Guinta plans to serve constituents amid donation questions

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U.S. Rep. Frank Guinta said Monday he'll remain in office despite calls from fellow Republicans that he resign after the Federal Election Commission found he broke the law by accepting campaign donations from his parents.

In 2010, Guinta reported lending himself $355,000 and amended a disclosure form to add a previously unreported bank account, prompting questions from his Republican primary rivals and Democratic incumbent Carol Shea-Porter, whom he defeated.

Over the years, Guinta, who lost to Shea-Porter in 2012 but reclaimed the seat in November, flatly denied the money came from his parents or was an illegal campaign donation. But the FEC said the opposite in a recent agreement and ordered Guinta to re-pay the money plus a $15,000 fine.

In a letter posted Sunday on his campaign website, Guinta, 44, insisted the money was his because he contributed to his parents' account over 40 years. He apologized to constituents but maintained his only error was not properly reporting the money.

The explanation didn't satisfy the state's other high-ranking Republicans. U.S. Sen. Kelly Ayotte said Monday if she were in Guinta's position she'd resign.

"I think he needs to fully explain his actions. This is a matter of public trust," Ayotte said. "The FEC finding of violations is not consistent with how he's framing this."

Republican state Senate President Chuck Morse and House Speaker Shawn Jasper said Guinta should resign, and the head of the state Republican Party, Jennifer Horn, called the situation "serious and extremely troubling." She has asked Guinta or his staff to discuss the issue at Monday night's meeting of the state GOP's Executive Committee.

U.S. House Majority Leader Kevin McCarthy, R-Calif., when asked if Guinta should resign, said he hadn't talked to Guinta and didn't know enough about the case to comment.

Ayotte faces re-election next year in a competitive state, and Guinta could become a drag on the GOP ticket. In response to Ayotte's comments, Guinta said he understood her disappointment with the issue, saying, "I share in that frustration."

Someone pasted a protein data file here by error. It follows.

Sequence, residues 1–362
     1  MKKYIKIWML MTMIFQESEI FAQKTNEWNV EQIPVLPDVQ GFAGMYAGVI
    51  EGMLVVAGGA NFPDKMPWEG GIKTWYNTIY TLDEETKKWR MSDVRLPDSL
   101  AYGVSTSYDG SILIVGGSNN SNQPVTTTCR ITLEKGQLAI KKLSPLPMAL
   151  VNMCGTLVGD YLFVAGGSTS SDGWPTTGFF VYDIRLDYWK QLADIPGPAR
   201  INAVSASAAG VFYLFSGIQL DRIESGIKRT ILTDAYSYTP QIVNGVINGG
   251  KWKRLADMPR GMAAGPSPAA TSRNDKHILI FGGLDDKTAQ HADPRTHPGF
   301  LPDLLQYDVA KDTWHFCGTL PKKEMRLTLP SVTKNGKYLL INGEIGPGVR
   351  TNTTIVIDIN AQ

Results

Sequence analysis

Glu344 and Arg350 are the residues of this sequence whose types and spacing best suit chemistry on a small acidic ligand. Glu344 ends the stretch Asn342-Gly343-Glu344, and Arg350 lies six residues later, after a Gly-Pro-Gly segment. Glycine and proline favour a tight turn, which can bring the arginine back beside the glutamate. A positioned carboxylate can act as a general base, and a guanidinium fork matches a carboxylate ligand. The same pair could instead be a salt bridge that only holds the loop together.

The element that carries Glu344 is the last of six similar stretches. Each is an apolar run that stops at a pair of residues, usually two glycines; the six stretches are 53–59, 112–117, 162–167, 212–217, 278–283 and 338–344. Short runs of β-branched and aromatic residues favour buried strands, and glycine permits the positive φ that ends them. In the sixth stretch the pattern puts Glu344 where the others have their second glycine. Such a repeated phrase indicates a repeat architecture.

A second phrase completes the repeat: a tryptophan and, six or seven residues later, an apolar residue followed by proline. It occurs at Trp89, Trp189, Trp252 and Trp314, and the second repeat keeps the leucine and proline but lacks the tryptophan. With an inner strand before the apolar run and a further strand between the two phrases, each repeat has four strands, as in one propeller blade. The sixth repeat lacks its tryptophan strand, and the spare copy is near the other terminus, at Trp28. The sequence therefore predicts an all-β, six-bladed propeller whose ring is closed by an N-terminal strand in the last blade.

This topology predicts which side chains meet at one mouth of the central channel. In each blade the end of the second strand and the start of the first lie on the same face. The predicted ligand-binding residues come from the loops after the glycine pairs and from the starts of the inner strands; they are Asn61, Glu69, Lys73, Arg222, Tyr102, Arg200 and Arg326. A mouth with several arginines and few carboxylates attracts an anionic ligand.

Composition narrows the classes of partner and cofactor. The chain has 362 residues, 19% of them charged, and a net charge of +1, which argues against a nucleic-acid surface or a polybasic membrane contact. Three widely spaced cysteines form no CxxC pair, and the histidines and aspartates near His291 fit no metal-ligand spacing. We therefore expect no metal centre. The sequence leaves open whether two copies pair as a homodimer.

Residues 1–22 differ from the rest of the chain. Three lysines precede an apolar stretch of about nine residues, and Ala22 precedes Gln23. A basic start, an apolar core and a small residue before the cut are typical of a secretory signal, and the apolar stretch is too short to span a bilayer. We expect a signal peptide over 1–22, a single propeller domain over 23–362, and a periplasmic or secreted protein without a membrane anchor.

He added, "I will continue to meet with, listen to and serve Granite Staters of the 1st Congressional District."

Several Democrats also have called on Guinta to step down, while the House GOP campaign organization remained neutral Monday.

"Frank Guinta works hard for the people of New Hampshire, and we know this is a difficult time for him and his family," National Republican Congressional Committee spokeswoman Katie Martin said. "We are continuing to evaluate this very complex situation."

Guinta had said he and his wife saved the money working in the private sector before he was elected mayor of Manchester in 2005. But in an agreement made public last week, the FEC concluded the money came from his parents' bank accounts. According to the commission, Guinta received 10 checks signed by his parents totaling $381,000 in 2009 and 2010 and used money from his parents' accounts to make the campaign loans.

Guinta said on his website that through appreciation, interest, investments and more he was responsible for funds exceeding the amount he loaned the 2010 campaign.

"Did my parents issue checks? Yes. ... Was it their money? No. Documents prove the funds were mine," he said. "I understand and share with you the frustration of this process, and I am sorry for my error that caused it."

Guinta also said he has shown documents to several media outlets to prove he added more money to the account than he received in donations. According to WMUR-TV, those documents show he deposited $100,000 into the account.

In editorials, the Eagle-Tribune and New Hampshire Union Leader called on Guinta to resign. The Eagle-Tribune said, "It is reasonable to conclude that the people of New Hampshire's 1st Congressional District are being represented by a fraud and a cheat." Monday's Union Leader piece followed up on a more blunt statement Friday. In its entirety, it read: "Frank Guinta is a damned liar."